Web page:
- Kristan Higgins
Updated: May 4, 2022
Today is the thirtieth anniversary of the day my father was killed by a drunk driver.
He didn’t get to meet the man I’d marry, or see any of his three kids get married. While my wedding was very happy, there was a stone in my heart that day. When I lost a baby, he wasn’t there to comfort me. He didn’t get to fall in love with his first grandchild, the Princess, or sit next to Dearest Son’s incubator and marvel at the miracle of him. He didn’t get to cuddle any of his five grandchildren. He didn’t get to see his daughter’s name on a book cover.
I think about how my dad would’ve been…a doting grandpa, smug and proud, always encouraging the kids to be great, work hard, dream big. He would’ve loved McIrish and his care of the land, his work ethic and love of outdoors—qualities they shared. I think of how proud my books would have made him. He would’ve come to all the awards ceremonies, and being my dad, he would have had a big bouquet of roses each time, whether I won or lost (but being my dad, he would’ve been confident that I’d win).
Sometimes I dream that my father is back, and that I’m introducing my kids to him. Those are hard dreams. Heartbreakers.
My dad had a special nickname for me only he used. No one calls me that anymore. No one has called me that in thirty years. No one will ever call me that again. I’m older than my dad ever was. He’s been gone for more than half my life, and you’d think I’d be used to it. But I’m not, even though my memories of him are foggy now. I can’t really remember his voice. I miss him every day, but three decades have passed, blurring my memories.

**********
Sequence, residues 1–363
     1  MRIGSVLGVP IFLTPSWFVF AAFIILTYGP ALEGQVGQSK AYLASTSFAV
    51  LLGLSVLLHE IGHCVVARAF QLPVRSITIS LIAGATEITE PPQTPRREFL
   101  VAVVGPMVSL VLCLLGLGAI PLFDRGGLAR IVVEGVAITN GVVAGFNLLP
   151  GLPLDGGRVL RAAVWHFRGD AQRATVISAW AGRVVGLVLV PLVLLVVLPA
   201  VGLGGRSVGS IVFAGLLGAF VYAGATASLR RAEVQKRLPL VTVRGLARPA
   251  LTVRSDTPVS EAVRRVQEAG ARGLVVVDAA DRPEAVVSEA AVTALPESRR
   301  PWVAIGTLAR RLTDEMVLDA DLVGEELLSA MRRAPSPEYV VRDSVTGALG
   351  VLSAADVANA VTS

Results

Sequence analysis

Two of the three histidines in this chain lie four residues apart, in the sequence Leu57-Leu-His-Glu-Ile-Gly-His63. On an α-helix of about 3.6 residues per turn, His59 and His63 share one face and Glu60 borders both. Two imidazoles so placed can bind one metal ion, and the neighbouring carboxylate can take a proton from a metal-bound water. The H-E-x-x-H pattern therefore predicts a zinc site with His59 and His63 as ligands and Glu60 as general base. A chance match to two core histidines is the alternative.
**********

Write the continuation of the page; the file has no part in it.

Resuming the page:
Grief has is a presence unto itself—the absence of him is more acute than my old memories are, worn down by thirty years. The shock of losing him in such a brutal crash, such a stupid, preventable way has given way to the weary acceptance that he’s simply gone. The facts of my life have shifted. I’m a middle-aged woman who lost her dad so long ago that it’s normal now. That doesn’t seem fair.
Yesterday, I was driving back from New York, and I glanced at the car next to me. The driver was texting as we maneuvered through the difficult traffic—traffic caused by a car accident, ironically. I thought what I always think when I see someone driving stupidly: If you crash, I hope it’s only yourself that you kill. It’s a merciless thought because in that respect, I am without mercy.
Maybe, if you’re one of those people who texts while driving, or gets behind the wheel after a few drinks, hoping you’re sober enough, you’ll think of my dad, and me, left alone to figure out life without the one person I really looked up to.
I share a lot of my life with you, my friends and readers. I wanted to share my heartache on this wretchedly significant day. Don’t drive distracted. Put your damn phone in the back seat and ignore it. Don’t drive drunk or stoned or impaired. Be watchful. Be careful. Be smart.